|Publication number||US4407970 A|
|Application number||US 06/406,440|
|Publication date||Oct 4, 1983|
|Filing date||Aug 9, 1982|
|Priority date||Aug 10, 1981|
|Also published as||DE3262429D1, EP0071997A1, EP0071997B1|
|Publication number||06406440, 406440, US 4407970 A, US 4407970A, US-A-4407970, US4407970 A, US4407970A|
|Inventors||Michiyasu Komatsu, Akihiko Tsuge, Hiroyasu Ota|
|Original Assignee||Tokyo Shibaura Denki Kabushiki Kaisha|
|Export Citation||BiBTeX, EndNote, RefMan|
|Patent Citations (13), Non-Patent Citations (2), Referenced by (37), Classifications (36), Legal Events (5)|
|External Links: USPTO, USPTO Assignment, Espacenet|
This invention relates to a sintered body of ceramics composed primarily of silicon nitride and preparation thereof. More particularly, it pertains to a sintered body of ceramics which is high in density, excellent in mechanical strength and impact resistance and also low in the degree of lowering of mechanical strength even under an oxidizing atmosphere for prolonged time at a temperature of about 900° C., and to a process for producing the same.
A sintered body of ceramics, which is excellent in thermal properties and has high density, is now attracting attention as a frontier material among various structural materials widely in various fields of industries. As a typical example, there is a sintered body of silicon nitride.
In the art of production of silicon nitride sintered bodies, there have generally been adopted the reaction sintering method, the hot press method and the ordinary sintering method.
Among them, the reaction sintering method is a method in which metallic silicon powders are molded previously into a desired shape, which is in turn heated gradually in an atmosphere of nitrogen or ammonia gas thereby to be converted into a nitride simultaneously with sintering (see, for example, Proc. of DARPA/NAVSEA, Ceramic Gas Turbine Demonstration Engine Program Review, ed. by W. Fairbanks and R. W. Rice, MCIC Report, March 1978 (MCIC-78-36)).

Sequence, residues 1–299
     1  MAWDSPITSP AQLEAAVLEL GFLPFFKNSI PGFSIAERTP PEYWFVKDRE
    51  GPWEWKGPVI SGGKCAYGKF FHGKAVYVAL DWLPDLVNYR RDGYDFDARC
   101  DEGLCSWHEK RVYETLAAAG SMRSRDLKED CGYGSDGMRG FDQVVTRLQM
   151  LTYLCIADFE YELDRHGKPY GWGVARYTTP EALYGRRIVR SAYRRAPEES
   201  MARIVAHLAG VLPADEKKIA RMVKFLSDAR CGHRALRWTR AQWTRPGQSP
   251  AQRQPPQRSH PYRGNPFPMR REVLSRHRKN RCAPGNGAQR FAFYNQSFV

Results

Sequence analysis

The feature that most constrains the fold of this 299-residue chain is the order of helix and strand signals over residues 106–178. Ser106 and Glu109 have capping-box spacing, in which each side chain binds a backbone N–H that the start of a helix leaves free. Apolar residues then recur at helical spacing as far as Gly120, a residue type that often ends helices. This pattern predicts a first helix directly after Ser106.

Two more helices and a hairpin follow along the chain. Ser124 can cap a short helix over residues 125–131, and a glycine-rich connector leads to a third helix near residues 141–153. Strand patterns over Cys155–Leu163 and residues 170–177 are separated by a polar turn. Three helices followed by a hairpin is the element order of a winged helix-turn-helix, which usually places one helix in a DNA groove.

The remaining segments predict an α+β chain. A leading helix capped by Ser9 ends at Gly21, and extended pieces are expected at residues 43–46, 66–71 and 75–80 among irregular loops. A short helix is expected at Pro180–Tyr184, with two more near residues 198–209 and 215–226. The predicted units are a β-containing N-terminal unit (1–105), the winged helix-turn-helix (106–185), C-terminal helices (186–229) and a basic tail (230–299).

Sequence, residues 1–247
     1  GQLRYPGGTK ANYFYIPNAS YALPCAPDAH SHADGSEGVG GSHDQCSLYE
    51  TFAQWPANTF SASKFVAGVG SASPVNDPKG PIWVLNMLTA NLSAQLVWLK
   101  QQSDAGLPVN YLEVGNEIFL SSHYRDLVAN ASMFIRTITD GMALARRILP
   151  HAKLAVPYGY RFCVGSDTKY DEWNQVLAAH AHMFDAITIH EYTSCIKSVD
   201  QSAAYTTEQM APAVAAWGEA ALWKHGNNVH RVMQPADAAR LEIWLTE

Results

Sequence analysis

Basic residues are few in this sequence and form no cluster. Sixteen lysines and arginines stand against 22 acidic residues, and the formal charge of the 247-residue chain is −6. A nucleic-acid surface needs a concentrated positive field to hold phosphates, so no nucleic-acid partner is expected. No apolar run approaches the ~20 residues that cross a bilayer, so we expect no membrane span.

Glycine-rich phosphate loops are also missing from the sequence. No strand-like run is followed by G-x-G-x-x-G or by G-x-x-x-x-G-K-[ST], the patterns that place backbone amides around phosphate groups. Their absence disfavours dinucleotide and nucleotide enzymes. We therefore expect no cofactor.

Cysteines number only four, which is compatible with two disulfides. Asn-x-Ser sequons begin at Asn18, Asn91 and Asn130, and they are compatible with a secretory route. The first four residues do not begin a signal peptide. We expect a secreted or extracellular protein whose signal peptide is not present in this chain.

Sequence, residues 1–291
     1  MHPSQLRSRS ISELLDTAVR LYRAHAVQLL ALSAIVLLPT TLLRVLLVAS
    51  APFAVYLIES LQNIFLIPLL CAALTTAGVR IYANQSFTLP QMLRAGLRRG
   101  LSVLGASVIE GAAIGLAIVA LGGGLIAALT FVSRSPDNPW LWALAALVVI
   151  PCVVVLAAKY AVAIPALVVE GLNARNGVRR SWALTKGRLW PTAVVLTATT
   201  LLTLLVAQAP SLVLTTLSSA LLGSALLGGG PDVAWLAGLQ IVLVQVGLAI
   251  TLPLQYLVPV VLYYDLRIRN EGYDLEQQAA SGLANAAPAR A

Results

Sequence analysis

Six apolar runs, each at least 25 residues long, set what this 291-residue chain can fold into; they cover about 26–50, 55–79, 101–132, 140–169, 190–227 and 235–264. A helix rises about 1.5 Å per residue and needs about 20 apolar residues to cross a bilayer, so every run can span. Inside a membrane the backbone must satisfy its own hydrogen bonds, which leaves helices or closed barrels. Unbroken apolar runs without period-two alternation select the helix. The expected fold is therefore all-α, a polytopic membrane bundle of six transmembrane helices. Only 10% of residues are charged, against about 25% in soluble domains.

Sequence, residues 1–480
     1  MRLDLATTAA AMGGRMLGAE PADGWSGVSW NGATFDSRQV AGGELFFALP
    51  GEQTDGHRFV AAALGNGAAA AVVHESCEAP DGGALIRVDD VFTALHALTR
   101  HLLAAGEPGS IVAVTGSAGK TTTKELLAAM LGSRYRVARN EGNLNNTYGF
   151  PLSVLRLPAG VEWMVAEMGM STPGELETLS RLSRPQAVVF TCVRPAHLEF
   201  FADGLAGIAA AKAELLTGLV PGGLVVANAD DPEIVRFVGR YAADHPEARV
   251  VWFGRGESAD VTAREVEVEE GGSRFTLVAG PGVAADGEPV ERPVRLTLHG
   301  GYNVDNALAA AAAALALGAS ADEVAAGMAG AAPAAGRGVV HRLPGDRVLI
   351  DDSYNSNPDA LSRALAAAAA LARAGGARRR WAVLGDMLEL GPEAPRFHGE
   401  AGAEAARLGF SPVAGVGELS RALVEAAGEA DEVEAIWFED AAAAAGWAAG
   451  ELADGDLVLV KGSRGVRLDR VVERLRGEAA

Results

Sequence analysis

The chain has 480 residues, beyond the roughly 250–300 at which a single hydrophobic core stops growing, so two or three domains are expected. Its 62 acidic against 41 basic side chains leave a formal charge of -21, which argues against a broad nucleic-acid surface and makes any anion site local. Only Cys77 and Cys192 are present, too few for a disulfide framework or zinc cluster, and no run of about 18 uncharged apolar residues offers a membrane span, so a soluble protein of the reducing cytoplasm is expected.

The hot press method comprises adding a sintering aid (e.g., Y2 O3, MgO, Al2 O3) to the powders of silicon nitride (Si3 N4), and sintering the resultant mixture in a certain mold (e.g., a mold of graphite) at a high temperature of 1700° to 1800° C. by application of a pressure of 500 kg/cm2 (see, for example, Norton Catalog.). According to this method, there can be obtained a sintered product having a high density with greater mechanical strength and also having excellent impact resistance as well as excellent thermal properties with a small degree of lowering of mechanical strength under an oxidizing atmosphere at higher temperatures. However, while this method involves the drawback of difficult fabrication of a complicated and large size sintered body on one hand, it is also disadvantageously inferior in capability of bulk production.
On the other hand, the ordinary sintering method comprises previously molding Si3 N4 powders and a sintering aid together with a binder such as paraffin, and then sintering by heating the compact as such without hot press under a non-oxidative atmosphere (see, for example, GTE Sylvania Catalog. or Carborundum Co. Technical Sheet). According to this method, however, it is difficult to obtain a sintered body having a high density with excellent mechanical strength and impact resistance.
In view of the state of the art as outlined above, the present inventors have made various investigations on the above ordinary sintering method and consequently have proposed an improved ordinary method comparable with the hot press method, which is capable of producing a high density sintered body excellent in mechanical strength and impact resistance (Japanese Provisional Patent Publication Nos. 113674/1980 and 116670/1980).
However, the silicon nitride sintered bodies obtained according to these methods still proved to be unsatisfactory in resistance to lowering of mechanical strength under a high temperature oxidizing atmosphere.
The present inventors have made further extensive studies on the above point and at last accomplished the present invention.
The object of the present invention is to provide a sintered body of ceramics having a high density and excellent impact resistance, which is also small in lowering of mechanical strength under an oxidative atmosphere for prolonged time at a temperature of about 900° C., above all a sintered body of ceramics composed primarily of silicon nitride and a process for producing the same.